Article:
29
Since the described coordinate system is not inertial with
respect to fixed stars, its acceleration (with respect to an inertial
system) can be observed as a change of geometry of the potential.
This appears as nonconservative part of the disturbing p
THE METHOD OF LEAST SQUARES
1.
INTRODUCTION
The method of least squares is the standard method used to obtain
unique values for physical parameters from redundant measurements of
those parameters, or parameters related to them by a known
model.
The first
15
The probability that x is less than or equal to x is the value of
,o
(x ) and is represented by the total area under the curve from  00
0
to x
0
shown as the shaded area in Figure 22. Note
Frequency distributions have two important characteristics ca
28
?reana.l:lsis is based cornplet.:ly on the above equation and is performed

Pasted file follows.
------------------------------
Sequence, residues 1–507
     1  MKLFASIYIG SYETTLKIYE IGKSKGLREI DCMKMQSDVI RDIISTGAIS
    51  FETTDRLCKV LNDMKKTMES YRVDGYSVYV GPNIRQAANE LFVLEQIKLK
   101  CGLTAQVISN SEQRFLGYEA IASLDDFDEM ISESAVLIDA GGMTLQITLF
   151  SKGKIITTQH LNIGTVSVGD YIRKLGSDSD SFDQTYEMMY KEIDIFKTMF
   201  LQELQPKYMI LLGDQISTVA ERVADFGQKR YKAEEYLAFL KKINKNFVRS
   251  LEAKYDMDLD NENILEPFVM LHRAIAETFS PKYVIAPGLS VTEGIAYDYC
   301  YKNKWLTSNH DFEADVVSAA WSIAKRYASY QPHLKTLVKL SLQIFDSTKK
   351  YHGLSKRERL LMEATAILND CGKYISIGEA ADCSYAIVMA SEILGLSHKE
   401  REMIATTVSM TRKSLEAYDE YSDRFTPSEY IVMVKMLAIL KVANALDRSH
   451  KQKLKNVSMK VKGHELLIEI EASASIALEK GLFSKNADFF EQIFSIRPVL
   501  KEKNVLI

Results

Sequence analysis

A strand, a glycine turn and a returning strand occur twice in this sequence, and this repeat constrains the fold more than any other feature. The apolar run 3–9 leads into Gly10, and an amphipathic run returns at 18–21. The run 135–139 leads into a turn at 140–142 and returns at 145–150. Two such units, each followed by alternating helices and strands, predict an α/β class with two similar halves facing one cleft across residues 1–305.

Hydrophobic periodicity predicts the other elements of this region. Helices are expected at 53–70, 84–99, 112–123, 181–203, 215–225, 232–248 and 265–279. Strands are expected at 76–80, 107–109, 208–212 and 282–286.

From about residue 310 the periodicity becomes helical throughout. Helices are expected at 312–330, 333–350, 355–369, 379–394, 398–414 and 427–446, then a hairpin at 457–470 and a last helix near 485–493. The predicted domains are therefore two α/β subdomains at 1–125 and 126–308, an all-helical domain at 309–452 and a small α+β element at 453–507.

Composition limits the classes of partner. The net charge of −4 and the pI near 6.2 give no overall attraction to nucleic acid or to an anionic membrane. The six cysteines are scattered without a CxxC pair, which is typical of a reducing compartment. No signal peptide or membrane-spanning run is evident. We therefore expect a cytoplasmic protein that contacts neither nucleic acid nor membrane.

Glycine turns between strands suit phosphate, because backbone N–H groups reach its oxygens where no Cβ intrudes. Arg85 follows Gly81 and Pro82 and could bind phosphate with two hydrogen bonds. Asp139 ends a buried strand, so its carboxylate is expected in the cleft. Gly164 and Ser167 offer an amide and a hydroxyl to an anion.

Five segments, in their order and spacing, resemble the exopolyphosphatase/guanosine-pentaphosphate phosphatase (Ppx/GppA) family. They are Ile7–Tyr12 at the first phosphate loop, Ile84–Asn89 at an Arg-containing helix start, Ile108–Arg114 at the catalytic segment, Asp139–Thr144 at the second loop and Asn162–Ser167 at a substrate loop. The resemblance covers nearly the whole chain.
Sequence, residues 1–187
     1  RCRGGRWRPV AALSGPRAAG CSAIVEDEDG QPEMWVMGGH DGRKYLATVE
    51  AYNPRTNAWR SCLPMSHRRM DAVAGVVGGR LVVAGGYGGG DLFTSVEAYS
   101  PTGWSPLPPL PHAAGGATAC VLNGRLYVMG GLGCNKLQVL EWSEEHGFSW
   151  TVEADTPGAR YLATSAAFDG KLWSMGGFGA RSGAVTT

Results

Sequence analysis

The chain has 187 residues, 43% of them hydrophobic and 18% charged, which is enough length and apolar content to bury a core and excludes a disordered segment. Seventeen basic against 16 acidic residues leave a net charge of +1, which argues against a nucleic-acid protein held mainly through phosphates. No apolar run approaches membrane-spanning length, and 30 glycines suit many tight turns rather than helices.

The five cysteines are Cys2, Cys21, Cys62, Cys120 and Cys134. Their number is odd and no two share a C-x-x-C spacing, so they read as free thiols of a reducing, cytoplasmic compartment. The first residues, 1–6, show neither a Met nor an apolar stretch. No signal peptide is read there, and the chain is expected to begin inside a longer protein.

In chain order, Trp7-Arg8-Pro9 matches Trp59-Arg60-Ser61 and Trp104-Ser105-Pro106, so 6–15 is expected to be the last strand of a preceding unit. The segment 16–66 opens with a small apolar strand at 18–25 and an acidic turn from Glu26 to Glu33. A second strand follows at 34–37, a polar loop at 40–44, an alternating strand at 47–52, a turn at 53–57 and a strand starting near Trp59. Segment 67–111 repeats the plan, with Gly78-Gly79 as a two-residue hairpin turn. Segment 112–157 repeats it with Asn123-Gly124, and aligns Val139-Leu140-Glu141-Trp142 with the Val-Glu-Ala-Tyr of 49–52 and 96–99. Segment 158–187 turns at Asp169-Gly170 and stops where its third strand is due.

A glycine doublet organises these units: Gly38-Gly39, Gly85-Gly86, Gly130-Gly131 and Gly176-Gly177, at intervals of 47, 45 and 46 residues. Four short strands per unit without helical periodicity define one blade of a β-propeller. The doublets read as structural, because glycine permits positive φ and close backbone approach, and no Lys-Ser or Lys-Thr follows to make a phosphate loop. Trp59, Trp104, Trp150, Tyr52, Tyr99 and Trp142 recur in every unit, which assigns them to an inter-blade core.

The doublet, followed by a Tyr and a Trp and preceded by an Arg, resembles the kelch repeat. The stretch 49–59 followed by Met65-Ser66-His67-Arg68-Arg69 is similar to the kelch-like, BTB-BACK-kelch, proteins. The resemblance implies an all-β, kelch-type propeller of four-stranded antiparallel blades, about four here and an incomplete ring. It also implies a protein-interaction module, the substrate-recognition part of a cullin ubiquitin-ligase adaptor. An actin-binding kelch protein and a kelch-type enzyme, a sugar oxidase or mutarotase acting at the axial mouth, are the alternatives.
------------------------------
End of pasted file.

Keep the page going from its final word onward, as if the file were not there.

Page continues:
by simply specifying the elements of the design matrix A and the variancecovariance matrix EL.
6.3
Procedure
The inclusion or exclusion of certain elements in A and in
E is
in
Direct.ion observations are relative to the "zero" of the
horizontal
The location of the zero relative to the north
dircsti.o:1 is c.n :1nknown "nuisance" parameter an: must be solved for
by the adjustment along with the unknown coordinates.
The directio
111
A, h).
Also, recall that computations on the surface of the ellipsoid
required that observations be reduced to the surface of the ellipsoid by
first taking into account the effects of the gravity field and the atmosphere, and then the effect of the he
133
Eliminating 81 from the above by (Figure 141)
s
1419
s
we get
1420
a=Tt=
where N can be approximated by the Gaussian mean radius at point 1.
1
The above equation is of sufficient accuracy for most work.
It
can be compared to the. following formula
122
13.
GENERAL FORMULAE FOR REDUCTION TO THE MAP PROJECTION PLANE